Cancer of the Fallopian Tubes
Types of Cancers
The fallopian tubes are the vehicle by which a woman's eggs travel from her ovaries to her uterus. Cancer of the fallopian tubes is the abnormal growth of malignant cells in one or both of a woman's fallopian tubes. About 95% of fallopian tube cancers are adenocarcinomas and grow from cells that line the fallopian tubes. Once cells begin to divide in abnormal patterns, tumors may form. On rare occasions, tumors form from the smooth muscle of the fallopian tubes and in this case are called sarcomas. In other cases, another type of tumor can form from cells that line the fallopian tubes and these are called transitional cell carcinomas as distinguished from adenocarcinomas.
Fallopian tube cancer, at 1%, is the rarest of all gynecologic cancers. Only about 3.6 women out of one million get fallopian tube cancer in a given year. The disease tends to hit women between the ages of 60-64 though women can get the disease up to their early or mid-80's. While the disease is more prevalent among Caucasian women, the cause for this is unknown.
Because the disease is so rare, the causes and risk factors for the development of fallopian tube cancers are not yet known. There is a hypothesis, not yet proven, that chronic infection of the fallopian tubes can lead to the development of such cancers.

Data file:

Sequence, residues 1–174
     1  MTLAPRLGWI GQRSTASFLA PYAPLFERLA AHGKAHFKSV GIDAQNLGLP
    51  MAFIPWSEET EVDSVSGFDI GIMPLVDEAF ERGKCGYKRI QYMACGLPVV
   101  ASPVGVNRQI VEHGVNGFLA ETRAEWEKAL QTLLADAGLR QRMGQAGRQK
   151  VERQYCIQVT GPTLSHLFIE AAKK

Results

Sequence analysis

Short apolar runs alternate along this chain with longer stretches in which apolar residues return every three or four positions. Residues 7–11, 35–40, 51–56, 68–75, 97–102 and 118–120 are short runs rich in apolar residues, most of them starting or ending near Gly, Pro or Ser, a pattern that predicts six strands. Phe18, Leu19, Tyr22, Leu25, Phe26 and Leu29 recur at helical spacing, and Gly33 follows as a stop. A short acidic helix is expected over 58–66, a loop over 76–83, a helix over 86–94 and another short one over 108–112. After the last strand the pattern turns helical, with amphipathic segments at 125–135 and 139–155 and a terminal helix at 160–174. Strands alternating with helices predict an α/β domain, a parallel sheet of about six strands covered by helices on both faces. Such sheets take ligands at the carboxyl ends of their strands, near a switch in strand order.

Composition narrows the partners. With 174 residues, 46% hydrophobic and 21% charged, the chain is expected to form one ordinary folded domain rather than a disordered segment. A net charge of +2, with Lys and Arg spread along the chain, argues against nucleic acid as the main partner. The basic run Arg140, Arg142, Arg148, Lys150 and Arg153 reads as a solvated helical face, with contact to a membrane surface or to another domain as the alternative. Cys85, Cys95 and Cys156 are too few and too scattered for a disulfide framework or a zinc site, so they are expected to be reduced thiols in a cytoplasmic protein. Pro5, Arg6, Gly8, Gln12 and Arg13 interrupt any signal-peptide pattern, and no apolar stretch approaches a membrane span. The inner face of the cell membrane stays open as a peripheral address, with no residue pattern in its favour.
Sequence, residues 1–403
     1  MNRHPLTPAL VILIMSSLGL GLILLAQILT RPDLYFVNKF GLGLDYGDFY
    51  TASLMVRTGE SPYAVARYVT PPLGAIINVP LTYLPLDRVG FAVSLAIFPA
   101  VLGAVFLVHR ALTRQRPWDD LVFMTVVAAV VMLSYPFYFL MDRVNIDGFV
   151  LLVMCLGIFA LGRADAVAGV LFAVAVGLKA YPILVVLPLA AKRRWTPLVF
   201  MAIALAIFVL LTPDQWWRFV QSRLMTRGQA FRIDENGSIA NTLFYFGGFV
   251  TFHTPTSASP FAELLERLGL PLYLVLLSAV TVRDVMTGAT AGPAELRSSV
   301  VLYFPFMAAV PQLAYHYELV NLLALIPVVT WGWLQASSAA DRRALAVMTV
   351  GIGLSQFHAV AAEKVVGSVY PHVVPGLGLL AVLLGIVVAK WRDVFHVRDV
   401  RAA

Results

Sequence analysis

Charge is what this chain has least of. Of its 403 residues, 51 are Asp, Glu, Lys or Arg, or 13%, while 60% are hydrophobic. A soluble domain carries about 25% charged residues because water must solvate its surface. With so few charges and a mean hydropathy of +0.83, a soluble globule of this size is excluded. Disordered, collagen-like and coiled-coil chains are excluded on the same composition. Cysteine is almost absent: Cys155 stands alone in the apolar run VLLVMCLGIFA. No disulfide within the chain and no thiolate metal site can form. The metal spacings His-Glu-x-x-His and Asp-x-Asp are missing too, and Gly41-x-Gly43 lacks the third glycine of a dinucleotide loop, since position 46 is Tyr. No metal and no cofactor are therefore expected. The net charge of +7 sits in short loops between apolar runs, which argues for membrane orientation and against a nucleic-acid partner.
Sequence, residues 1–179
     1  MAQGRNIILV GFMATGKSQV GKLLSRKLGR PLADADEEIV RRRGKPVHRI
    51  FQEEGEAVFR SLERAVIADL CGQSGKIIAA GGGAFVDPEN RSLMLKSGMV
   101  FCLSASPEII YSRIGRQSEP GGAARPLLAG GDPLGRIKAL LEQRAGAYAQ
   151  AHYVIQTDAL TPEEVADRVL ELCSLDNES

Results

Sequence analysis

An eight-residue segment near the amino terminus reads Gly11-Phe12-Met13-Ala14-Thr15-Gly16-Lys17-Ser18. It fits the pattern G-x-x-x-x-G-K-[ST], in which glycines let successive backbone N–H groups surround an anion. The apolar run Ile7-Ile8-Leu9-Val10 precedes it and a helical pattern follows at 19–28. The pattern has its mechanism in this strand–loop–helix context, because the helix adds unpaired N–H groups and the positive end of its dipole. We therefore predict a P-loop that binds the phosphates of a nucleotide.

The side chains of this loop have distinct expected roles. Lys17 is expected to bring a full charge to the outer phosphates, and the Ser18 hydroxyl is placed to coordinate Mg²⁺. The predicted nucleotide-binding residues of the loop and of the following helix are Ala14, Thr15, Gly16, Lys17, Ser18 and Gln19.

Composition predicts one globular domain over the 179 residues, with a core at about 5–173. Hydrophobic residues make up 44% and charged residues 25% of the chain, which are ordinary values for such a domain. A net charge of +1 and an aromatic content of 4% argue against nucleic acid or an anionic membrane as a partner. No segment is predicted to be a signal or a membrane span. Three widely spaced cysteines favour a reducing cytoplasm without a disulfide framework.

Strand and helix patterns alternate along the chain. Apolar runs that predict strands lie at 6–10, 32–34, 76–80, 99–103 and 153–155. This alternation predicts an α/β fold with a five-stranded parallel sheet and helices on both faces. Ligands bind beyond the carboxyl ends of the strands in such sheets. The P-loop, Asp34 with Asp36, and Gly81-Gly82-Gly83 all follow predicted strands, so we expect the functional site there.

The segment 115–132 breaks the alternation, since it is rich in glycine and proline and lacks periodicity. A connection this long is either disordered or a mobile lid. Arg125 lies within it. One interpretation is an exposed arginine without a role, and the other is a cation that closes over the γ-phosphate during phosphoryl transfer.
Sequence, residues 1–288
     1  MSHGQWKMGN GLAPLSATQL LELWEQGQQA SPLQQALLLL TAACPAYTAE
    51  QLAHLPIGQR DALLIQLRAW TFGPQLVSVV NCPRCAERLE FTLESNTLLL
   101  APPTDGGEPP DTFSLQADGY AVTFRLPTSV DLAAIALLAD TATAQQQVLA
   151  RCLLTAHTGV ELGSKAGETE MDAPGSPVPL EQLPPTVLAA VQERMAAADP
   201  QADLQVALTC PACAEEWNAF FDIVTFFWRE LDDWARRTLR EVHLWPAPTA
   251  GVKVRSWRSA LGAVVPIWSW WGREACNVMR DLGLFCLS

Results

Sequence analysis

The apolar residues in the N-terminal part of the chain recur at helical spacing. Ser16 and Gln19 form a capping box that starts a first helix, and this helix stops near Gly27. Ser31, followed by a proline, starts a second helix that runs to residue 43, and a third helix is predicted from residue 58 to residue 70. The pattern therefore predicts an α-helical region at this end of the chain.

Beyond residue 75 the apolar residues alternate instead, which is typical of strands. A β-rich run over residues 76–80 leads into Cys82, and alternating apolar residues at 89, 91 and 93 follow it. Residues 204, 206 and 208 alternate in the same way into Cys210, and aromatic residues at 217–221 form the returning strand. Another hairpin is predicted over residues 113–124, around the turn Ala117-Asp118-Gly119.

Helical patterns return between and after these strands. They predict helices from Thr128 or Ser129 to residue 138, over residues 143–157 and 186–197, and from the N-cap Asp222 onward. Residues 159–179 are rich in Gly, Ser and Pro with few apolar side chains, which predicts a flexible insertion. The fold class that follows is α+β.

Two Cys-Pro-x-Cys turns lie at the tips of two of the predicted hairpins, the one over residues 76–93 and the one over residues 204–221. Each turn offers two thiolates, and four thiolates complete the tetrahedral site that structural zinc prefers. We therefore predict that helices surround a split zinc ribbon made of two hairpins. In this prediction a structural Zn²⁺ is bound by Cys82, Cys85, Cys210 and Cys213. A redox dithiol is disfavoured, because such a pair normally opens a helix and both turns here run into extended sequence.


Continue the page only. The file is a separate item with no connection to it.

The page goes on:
The symptoms of fallopian tube cancers are much the same as in other gynecological disorders and include vaginal bleeding or discharge, and pelvic pain. The rule of thumb is to seek quick and careful evaluation of postmenopausal vaginal bleeding. Blood tinged mucus that doesn't respond to antibiotic treatment may signify that cancer is present. Pelvic pain may be caused by trapped fluid blocking and swelling the fallopian tube.
There are two factors that make fallopian tube cancer hard to diagnose: the rarity of the disease and the fact that it's hard to see the inside of the tube. Along with the more common gynecological diagnostic tests, doctors are turning more and more to ultrasound testing. In fallopian tube cancer, ultrasound testing can help to find a hot dog-shaped mass with growths inside the center of the fluid-filled tube. The combined use of intravaginal and the usual Doppler ultrasound tests seem to hold the most promise in finding these cancers. Still, doctors feel that exploratory surgery is necessary to make a definitive diagnosis. Such surgery can help doctors to view the tubes and obtain tissue specimens.